tastefullyoffensive:

[vintagequeen]

I need a vacation from nursing (is there even such a thing?)
My mind saw ‘stoma’ when I flipped through the entries on the dashboard.

tastefullyoffensive:

[vintagequeen]

I need a vacation from nursing (is there even such a thing?)

My mind saw ‘stoma’ when I flipped through the entries on the dashboard.

whatweshouldcallnursing2:

image

Found this- and had to share.

I really don’t like how the media and the hospital are blaming the nurse in Texas FOR contracting ebola 

By “breaching precautions”?

nothing is perfect- and it is a COMMUNICABLE DISEASE- most hospitals don’t have ebola precautions in place 

and the CDC’s comment was ridiculous

I would like to take this moment and COMMEND Nina Pham 

NURSE ON

When I heard the Director of the CDC declare that the transmission was “some breach in the protocol”, my first thought was ‘bullshit’ (pardon the expletive).

I couldn’t imagine any precautions that are commonly available in a care setting being adequate; consider how many cases of VRE, MRE, C. diff, etc.are spread. Or that care providers can get.

(via froggsrn)

I admit, I’ve never heard of “Dead in Bed” Syndrome. But apparently it can be related to “cardiac repolarization abnormalities related to hypoglycemia”.

It appears to be something occurring in both the Type 1 and Type 2 population, and the incidence appears (not by direct study, but by post-mortem reports) to be around 6-8% in teenaged-to-under-50 individuals.

A lot of vagueness with that paragraph, eh? Well, the literature is just that way, with the general format of:

  • generally healthy individual, excluding diabetes
  • went to bed
  • no disturbed bed or outward signs of trauma/violence
  • found dead in AM

What to do from a nursing perspective? I know that patients and family, after receiving the new diagnosis of diabetes, often feel that “high blood sugar bad, therefore low blood sugar better”.  But maybe attempting super tight control isn’t the best approach, and  this information (“be moderate in your approach”, not “you could be found dead in your bed if you try too hard to keep your blood sugar very low”) is appropriate.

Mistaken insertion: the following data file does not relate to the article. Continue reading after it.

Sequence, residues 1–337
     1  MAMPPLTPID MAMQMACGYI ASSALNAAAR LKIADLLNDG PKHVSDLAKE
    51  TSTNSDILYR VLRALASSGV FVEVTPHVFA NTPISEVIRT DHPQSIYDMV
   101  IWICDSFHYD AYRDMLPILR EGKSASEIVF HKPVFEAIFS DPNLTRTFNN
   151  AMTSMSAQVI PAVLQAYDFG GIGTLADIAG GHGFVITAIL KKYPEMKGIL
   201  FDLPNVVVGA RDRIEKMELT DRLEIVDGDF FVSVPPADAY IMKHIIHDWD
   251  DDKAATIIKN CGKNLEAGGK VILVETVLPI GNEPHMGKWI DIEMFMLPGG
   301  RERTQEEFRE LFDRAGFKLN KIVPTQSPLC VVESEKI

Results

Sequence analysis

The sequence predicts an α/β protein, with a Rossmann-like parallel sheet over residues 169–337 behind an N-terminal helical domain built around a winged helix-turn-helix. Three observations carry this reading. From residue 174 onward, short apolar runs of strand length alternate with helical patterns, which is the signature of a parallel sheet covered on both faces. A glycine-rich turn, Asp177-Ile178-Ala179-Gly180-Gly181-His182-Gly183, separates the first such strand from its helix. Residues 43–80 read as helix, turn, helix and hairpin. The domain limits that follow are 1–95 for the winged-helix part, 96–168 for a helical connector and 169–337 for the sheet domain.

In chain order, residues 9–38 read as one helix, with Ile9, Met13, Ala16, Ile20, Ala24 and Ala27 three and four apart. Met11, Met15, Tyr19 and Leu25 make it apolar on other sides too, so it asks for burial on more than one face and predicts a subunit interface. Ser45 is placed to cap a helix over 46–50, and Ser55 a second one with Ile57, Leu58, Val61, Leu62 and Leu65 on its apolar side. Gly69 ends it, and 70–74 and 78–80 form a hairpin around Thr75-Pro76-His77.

That, and “use all the members of your diabetic care team” to keep healthy and informed.

Further info:

Not nursing related, but I got this as part of a set of images in an email.
Definitely feeling a need to share.

Not nursing related, but I got this as part of a set of images in an email.

Definitely feeling a need to share.

tastefullyoffensive:

Only in Canada [imgur]

Previously: Bears Doing Human Things

Sorry for posting this, eh?

…..now trying to take a deep breath and imagine that the doomsayers are inaccurate in there predictions.

And trust in my immune system and aggressive containment.

A combination of hydrogen peroxide and ozone producing what the company is calling “Trioxidane”, is reported to be able to reduce the infectious load in a room to %99.9999; effectively preventing nosocomial  infections. (http://www.medizoneint.com/h2o3/)

chinesekleptocracy:

Fall is upon us

There are flavored coffee drinks that will no longer be enjoyed by me.
Thanks, internet.

chinesekleptocracy:

Fall is upon us

There are flavored coffee drinks that will no longer be enjoyed by me.

Thanks, internet.

(via tastefullyoffensive)

It sounds like an infomercial, which is unfortunate.

It’s a new wound dressing (“Oh, yeah. Just what I need.” I can here you say.) But this one is supposed to be “self-adaptive” re: changing in function for the environment of the wound bed.

Bopping around on the internet can take you on long expeditions, as this one did for me. It started out on an article (http://diabeteshealth.com/read/2014/09/06/8359/study-shows-new-wound-care-technology/?utm_source=newsletter&utm_medium=emailnewsletter&utm_campaign=783) from DiabetesHealth, which led me to the company website (http://www.enluxtrawoundcare.com/) and then to the above video.

I’d be curious to see it in practice.

(No, I am not affiliated with the company, and receive no compensation for posting this. Just curious about being able to do effective wound care as part of nursing.)